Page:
The Committee also recognised that cross-border trade had become a common feature of Singapore's commercial landscape, with companies having assets, creditors, and debtors located across several jurisdictions. It was important for Singapore's relevance in the global economy, that its insolvency laws be equipped to deal with cross-border insolvencies.

Against the above context, the Committee released its Final Report in 2013 and recommended wide ranging amendments to be made to the bankruptcy and corporate insolvency regimes. Some notable recommendations included:

  • Setting up of a regulatory regime to regulate the licensing and discipline of insolvency practitioners;
  • Introducing an expedited bankruptcy procedure for cases where there is a real risk that the debtor’s assets would be diminished and providing for early dissolution of companies where conditions are met;
  • Expressly granting judicial managers and liquidators the power to assign the fruits of certain causes of action to third party funders;
  • Allowing the company to place itself into judicial management without the need for an application to court;
  • Granting super-priority for rescue financing and introducing cram-down provisions;
  • Removing the prior requirement for criminal liability as a condition for civil liability in respect of wrongful trading; and
  • Adopting the UNCITRAL Model Law on Cross-Border Insolvency.

The Committee’s recommendations in the Final Report were largely accepted by the Government. The Government recognised the rising demand for restructuring services in Singapore and to address this demand, the Ministry of Law set up the Committee to Strengthen Singapore as an International Centre for Debt Restructuring (“CSSICDR”) in May 2015. The CSSICDR’s task was to recommend initiatives/legal reforms to enhance Singapore’s effectiveness as a centre for international debt restructuring.[1]

The CSSICDR released its Report on 20 April 2016 and made a total of 17 recommendations targeted at providing a better legal framework for debt restructuring in Singapore, creating a friendly ecosystem for restructuring and addressing the perception gap to raise awareness of the benefits of conducting restructuring in Singapore.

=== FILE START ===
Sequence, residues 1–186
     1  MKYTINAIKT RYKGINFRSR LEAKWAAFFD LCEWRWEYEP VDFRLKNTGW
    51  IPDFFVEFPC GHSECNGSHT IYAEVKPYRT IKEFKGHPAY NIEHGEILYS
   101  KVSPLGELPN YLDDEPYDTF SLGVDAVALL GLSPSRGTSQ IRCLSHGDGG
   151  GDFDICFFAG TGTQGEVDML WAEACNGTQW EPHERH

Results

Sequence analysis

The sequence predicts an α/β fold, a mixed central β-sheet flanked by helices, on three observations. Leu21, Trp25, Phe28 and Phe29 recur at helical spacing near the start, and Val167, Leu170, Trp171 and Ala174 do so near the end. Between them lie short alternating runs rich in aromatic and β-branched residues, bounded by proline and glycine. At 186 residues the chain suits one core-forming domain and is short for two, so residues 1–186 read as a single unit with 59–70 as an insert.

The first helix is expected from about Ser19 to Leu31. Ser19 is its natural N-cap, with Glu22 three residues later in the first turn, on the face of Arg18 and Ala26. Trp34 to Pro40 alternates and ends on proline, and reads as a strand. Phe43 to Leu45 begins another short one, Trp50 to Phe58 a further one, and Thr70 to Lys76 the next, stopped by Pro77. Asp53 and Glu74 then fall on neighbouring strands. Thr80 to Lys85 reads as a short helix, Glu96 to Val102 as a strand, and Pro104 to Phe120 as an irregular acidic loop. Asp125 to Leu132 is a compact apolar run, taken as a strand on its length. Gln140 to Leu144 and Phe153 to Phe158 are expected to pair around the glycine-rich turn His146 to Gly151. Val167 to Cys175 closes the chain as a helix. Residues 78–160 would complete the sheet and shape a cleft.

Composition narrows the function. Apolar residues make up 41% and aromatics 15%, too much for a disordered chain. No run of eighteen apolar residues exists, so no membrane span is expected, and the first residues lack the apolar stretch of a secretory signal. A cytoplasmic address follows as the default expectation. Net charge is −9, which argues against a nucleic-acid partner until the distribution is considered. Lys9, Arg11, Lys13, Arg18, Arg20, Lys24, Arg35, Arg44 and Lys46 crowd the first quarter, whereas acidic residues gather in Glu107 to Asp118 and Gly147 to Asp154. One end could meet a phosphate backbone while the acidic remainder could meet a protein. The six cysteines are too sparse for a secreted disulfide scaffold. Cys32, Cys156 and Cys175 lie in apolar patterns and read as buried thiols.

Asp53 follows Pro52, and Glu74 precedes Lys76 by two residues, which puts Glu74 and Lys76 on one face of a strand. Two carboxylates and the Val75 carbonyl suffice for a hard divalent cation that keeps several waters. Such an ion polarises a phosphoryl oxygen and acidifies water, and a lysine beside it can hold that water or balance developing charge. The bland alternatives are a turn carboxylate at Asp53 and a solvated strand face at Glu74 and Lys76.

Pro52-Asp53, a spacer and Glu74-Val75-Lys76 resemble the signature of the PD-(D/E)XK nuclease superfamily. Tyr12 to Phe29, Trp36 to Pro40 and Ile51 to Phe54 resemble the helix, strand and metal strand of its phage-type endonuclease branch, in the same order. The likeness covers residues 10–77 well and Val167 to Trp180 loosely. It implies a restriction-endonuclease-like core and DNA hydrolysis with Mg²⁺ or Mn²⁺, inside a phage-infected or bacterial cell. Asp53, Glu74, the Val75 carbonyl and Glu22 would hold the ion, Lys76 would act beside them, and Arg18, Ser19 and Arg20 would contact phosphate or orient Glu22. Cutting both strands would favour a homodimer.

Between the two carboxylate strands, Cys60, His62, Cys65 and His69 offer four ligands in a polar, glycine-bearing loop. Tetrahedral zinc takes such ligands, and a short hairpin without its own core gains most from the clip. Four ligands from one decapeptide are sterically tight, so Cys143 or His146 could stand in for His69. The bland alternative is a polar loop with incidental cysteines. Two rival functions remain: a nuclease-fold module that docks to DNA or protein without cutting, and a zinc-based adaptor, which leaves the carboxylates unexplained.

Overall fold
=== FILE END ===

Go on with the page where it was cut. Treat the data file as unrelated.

Given the large number of recommendations made in the Committee’s Final Report and the Report of the CSSICDR, the Ministry of Law undertook a three phased approach to implementing the various recommendations made.

The first phase commenced with amendments being made to the Bankruptcy Act in July 2015. The recommendations made by the Committee were largely implemented and the amendments provided for a more rehabilitative discharge framework for bankrupts.

Thereafter, the second phase commenced in May 2017 with amendments made to the Companies Act to enhance the corporate insolvency and restructuring processes. This would increase Singapore’s attractiveness as the “go to” place for debt restructuring. The amendments to the Companies Act were significant and included the introduction of provisions similar to those in Chapter 11 of the US Bankruptcy Code, such as a cross class cram-down on dissenting creditors in schemes of arrangement. 

The third and final phase of the reform is the enactment and commencement of the IRDA, which was passed by the Singapore Parliament on 1 October 2018. With the enactment of the IRDA, the statutory provisions that govern Singapore’s insolvency regime are to be consolidated under IRDA, repealing the Bankruptcy Act in its entirety and relevant provisions of the Companies Act.

Structure of the IRDA

As stated above, the IRDA repeals the Bankruptcy Act and the relevant provisions in the Companies Act which relate to corporate insolvency and restructuring.  It also amends 72 different pieces of legislation for consistency.

The IRDA is a mammoth piece of legislation that consists of 25 parts. In particular:

  • Provisions relating to Scheme of Arrangement can be found at Part 5